When people think of stories that contain the message of self love and self worth, many think of stories such as Star Girl by Jerry Spinelli or stories such as that of The Hunchback of Notre Dame.
However, one often overlooked tale of self-love and self worth that speaks to me, is the story of Elphaba, the “evil witch” in the Broadway play, Wicked.
Wicked, although a popular play, is often overshadowed by the newest releases or the classics. When my family was considering a play to see over Thanksgiving break, my mind immediately went to plays such as Mean Girls, Beetlejuice, and Waitress.
However, we ended up going to see Wicked. I wasn’t a huge fan of the Wizard of Oz book or movie, so although I was excited to see a show, I was not as excited to be seeing this play compared to the masterpieces I had been hearing about from all my theater loving friends.
My opinion changed as soon as we stepped into the show building. The lobby, packed with people, was themed around decaying clockwork with a gorgeous metal dragon appearing above the heads of everyone in the crowd. The theater itself was smaller and the stage began covered with a large map of the location of the story, Oz.
All of the yearning to see another play vanished instantly after the curtain unveiled the gorgeous set, filled with incredible actors and intricate pieces of furniture and set pieces.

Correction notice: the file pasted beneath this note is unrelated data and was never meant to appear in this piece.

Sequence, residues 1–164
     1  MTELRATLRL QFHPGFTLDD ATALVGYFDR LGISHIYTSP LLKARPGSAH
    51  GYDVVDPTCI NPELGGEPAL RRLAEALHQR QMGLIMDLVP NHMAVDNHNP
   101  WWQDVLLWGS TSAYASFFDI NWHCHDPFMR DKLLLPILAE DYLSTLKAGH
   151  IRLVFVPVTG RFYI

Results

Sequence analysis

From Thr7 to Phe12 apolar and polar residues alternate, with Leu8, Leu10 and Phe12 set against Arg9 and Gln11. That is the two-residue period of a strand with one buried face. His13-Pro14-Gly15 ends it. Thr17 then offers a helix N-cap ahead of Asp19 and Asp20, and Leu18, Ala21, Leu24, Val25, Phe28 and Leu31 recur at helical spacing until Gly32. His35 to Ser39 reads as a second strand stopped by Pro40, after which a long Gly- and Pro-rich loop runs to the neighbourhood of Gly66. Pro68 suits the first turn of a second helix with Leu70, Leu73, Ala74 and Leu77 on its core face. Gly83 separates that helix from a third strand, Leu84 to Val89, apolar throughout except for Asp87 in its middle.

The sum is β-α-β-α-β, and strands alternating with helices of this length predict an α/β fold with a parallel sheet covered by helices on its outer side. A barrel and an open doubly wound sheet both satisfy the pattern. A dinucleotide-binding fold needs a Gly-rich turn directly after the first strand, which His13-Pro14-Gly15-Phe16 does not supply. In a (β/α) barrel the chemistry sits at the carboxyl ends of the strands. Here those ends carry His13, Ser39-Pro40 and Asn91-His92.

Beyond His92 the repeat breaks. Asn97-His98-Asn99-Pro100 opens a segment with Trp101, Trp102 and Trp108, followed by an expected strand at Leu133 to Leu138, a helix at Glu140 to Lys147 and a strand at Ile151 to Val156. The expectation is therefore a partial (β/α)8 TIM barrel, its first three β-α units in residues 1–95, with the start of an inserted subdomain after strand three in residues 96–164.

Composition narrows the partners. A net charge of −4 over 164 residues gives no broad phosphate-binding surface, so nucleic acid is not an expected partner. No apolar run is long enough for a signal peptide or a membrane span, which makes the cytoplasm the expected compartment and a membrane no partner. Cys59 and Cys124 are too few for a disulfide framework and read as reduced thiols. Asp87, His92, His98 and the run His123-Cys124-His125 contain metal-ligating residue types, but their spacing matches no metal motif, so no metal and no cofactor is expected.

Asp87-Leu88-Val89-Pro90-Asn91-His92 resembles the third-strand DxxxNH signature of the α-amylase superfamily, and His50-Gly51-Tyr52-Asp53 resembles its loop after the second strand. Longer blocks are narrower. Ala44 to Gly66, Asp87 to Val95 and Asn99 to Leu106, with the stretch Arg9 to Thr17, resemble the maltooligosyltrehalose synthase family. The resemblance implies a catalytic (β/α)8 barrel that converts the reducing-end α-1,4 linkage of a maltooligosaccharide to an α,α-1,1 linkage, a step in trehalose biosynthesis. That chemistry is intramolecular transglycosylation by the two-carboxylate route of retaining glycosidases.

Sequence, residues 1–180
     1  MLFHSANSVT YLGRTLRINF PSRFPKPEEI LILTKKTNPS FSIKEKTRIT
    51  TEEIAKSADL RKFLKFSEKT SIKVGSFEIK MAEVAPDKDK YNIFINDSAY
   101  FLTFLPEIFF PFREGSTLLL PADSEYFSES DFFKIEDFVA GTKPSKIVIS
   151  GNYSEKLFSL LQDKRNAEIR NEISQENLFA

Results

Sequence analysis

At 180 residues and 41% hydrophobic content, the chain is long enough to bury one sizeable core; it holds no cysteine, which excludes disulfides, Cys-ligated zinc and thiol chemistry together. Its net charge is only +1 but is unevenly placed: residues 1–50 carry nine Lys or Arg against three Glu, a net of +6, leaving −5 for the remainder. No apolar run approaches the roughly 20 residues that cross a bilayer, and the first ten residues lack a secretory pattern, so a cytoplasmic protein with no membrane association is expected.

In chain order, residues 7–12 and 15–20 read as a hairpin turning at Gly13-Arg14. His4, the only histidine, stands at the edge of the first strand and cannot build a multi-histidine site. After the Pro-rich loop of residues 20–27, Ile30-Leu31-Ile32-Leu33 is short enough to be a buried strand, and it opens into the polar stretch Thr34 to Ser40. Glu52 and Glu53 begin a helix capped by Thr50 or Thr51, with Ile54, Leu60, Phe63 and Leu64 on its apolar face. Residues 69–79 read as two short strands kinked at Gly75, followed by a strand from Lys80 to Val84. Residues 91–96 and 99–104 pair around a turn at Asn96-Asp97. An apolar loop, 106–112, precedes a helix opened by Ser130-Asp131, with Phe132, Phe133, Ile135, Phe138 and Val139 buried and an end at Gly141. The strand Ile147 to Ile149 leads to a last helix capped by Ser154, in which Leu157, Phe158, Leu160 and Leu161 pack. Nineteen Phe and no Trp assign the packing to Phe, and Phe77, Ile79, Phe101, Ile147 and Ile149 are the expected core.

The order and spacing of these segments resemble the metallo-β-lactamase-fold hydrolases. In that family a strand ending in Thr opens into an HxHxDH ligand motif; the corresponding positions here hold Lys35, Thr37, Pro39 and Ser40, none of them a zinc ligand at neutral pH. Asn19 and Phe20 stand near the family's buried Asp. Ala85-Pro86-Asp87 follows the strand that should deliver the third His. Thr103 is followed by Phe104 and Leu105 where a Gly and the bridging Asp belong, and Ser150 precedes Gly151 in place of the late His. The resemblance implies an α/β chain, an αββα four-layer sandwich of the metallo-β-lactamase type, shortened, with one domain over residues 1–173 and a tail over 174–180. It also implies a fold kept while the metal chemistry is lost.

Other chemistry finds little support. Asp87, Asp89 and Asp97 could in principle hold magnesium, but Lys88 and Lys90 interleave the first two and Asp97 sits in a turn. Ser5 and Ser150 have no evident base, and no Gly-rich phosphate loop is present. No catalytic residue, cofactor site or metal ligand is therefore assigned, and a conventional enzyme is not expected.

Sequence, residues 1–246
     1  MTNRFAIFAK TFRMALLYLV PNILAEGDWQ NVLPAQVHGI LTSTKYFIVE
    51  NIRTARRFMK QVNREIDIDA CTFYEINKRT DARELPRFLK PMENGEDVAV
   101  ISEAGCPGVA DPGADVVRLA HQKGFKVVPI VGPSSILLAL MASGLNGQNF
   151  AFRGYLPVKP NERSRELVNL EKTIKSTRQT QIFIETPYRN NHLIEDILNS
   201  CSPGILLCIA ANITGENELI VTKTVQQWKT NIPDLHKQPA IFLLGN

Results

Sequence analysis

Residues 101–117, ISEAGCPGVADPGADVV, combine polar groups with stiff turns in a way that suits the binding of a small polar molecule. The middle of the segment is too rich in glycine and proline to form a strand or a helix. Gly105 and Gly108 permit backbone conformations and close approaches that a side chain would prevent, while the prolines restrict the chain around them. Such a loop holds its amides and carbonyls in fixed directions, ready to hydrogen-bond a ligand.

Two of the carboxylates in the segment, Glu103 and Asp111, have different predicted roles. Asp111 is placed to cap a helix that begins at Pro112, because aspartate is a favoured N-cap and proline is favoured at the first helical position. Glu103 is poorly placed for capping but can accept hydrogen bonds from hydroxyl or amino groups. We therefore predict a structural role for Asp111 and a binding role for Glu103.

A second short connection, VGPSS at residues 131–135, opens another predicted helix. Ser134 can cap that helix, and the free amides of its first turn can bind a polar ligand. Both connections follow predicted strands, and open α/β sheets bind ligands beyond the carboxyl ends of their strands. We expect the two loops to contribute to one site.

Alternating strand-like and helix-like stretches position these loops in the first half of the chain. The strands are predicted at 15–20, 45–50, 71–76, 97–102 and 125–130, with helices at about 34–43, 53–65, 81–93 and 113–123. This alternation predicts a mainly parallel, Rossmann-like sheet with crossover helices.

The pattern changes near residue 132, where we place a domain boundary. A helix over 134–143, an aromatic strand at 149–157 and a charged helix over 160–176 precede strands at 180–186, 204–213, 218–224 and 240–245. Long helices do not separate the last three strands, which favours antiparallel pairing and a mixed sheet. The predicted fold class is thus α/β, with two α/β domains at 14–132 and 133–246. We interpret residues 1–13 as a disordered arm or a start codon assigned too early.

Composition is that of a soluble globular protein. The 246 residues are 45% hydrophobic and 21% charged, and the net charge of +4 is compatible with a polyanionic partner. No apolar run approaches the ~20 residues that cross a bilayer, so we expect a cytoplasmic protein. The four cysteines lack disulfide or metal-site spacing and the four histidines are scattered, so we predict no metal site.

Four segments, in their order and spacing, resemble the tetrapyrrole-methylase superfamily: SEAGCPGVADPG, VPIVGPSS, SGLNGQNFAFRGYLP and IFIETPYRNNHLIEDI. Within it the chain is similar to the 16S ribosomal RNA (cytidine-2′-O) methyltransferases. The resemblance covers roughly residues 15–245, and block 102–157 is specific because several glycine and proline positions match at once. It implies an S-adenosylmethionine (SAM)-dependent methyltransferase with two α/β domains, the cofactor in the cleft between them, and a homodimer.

The play was raw with so much emotion, and I couldn’t help but feel myself relating to the lack of self worth that Elphaba had throughout most of the play. Rather than the villain of Dorthy’s story, she was now the main character and the hero of her own.
The music was spectacular. If you’ve ever seen Glee, you may know the song “Defying Gravity”. This song came from Wicked. Also, if you’ve ever seen Frozen, you may have fallen in love with the voice of Idina Menzel, who was the original Elphaba.
The set and production made me jealous, as it was absolutely gorgeous with moving walls and trap doors and a turntable. Obviously, in our little theater, it would be impossible for us to have a set as intricate as Broadway’s, but the standards are definitely something to look up to.
If you are looking for a Broadway play that inspires and reinforces the idea of self love with a beautiful soundtrack, intricate set, and incredible acting, Wicked may be the play for you.